Authorities identify source of oil sheen off Huntington Beach

An aerial view of a major oil spill washing ashore.
An aerial view of Huntington Beach on Oct. 3, a day after a pipeline ruptured and spilled an estimated 25,000 gallons of oil into the Pacific. On Saturday, divers scheduled to inspect the pipeline noted an oil sheen on the water.
(Allen J. Schaben / Los Angeles Times)

A day after an oil sheen was spotted off Huntington Beach, authorities believed they had identified and contained the source: a leak from the damaged area of a pipeline that ruptured in October, spilling an estimated 25,000 gallons of oil into the Pacific.

About 9:30 a.m. Saturday, divers hired by a unified command established in response to the Oct. 2 spill were preparing to do a routine inspection of the damaged pipeline when they spotted the oil sheen on the water, said Eric Laughlin, a spokesman for the California Department of Fish and Wildlife.

The sheen covered an area of roughly 30 feet by 70 feet. Underwater, the divers noticed small oil droplets near the damaged section of the pipeline, which since the spill has been wrapped in a material called Syntho-Glass, Laughlin said. The divers removed the wrap and replaced it with a new one, he said Sunday.


The pipeline has been shut down and no oil has flowed through it since the Oct. 2 spill, Laughlin said. The oil spotted underwater Saturday was “likely residual,” he said.

It appears the new wrap has prevented any additional leaks, Laughlin said. U.S. Coast Guard and state wildlife officials flew over the site in a helicopter just before sundown Saturday and again Sunday morning and did not see any sheen on the water, leading them to believe it dissipated on its own, Laughlin said. Divers haven’t noted any additional oil droplets underwater, he added.

Department of Fish and Wildlife officials have not received any reports of wildlife being affected by the sheen, Laughlin said. The agency and others that make up the unified command — the U.S. Coast Guard; Amplify Energy, the company that operated the pipeline; and representatives of various local governments — plan to keep monitoring the area for any new oil sightings.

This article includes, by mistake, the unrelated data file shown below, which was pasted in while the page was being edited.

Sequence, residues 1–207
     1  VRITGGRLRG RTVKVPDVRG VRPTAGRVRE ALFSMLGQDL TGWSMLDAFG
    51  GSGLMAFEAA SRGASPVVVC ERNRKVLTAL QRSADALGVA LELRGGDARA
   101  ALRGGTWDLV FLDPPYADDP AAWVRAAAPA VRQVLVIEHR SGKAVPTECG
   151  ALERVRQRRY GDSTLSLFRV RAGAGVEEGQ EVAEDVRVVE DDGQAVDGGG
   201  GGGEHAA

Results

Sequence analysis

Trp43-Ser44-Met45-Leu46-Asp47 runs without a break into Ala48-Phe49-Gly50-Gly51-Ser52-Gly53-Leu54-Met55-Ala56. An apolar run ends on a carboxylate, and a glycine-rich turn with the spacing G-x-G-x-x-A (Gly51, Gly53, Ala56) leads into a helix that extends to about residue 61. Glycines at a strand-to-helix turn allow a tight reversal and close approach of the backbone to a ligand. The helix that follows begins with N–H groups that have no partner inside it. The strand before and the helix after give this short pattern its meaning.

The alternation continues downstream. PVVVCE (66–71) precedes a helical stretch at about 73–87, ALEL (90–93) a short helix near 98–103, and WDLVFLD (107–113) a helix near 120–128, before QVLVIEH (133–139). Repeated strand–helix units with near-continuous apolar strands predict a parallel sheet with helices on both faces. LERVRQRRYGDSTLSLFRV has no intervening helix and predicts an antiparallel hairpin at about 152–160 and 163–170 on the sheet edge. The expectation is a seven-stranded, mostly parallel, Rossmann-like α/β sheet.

“The response has never stopped since Oct. 2,” Laughlin said.

Petty Officer Hunter Schnabel, a spokesman for the Coast Guard, said only that the Coast Guard was investigating reports of an oil sheen off Huntington Beach.

Orange County Supervisor Katrina Foley said Saturday that repeated issues with oil seepage in the waters off Huntington Beach were damaging the city’s reputation as a tourism destination.

“We just can’t keep having these [types] of incidents or scares off our coastline,” Foley said, calling for an end to offshore drilling.


Federal authorities investigating the Oct. 2 spill are pursuing the theory that a cargo ship may have dragged an anchor across the pipeline, eventually causing it to rupture. Last week, Coast Guard officers boarded a ship in Long Beach and designated its owners “parties of interest” in its investigation into the spill. Braden Rostad, the Coast Guard’s chief of investigations for Los Angeles and Long Beach, said the container vessel, the Beijing, was involved in an anchor-dragging incident in January.

The Beijing is the second ship to have come under scrutiny by authorities investigating the oil spill. Authorities previously said another cargo vessel, the MSC Danit, was involved in an anchor-dragging incident that may have damaged the pipeline, which runs from an oil platform to the Port of Long Beach.

Times staff writers Joe Mozingo and Richard Winton contributed to this report.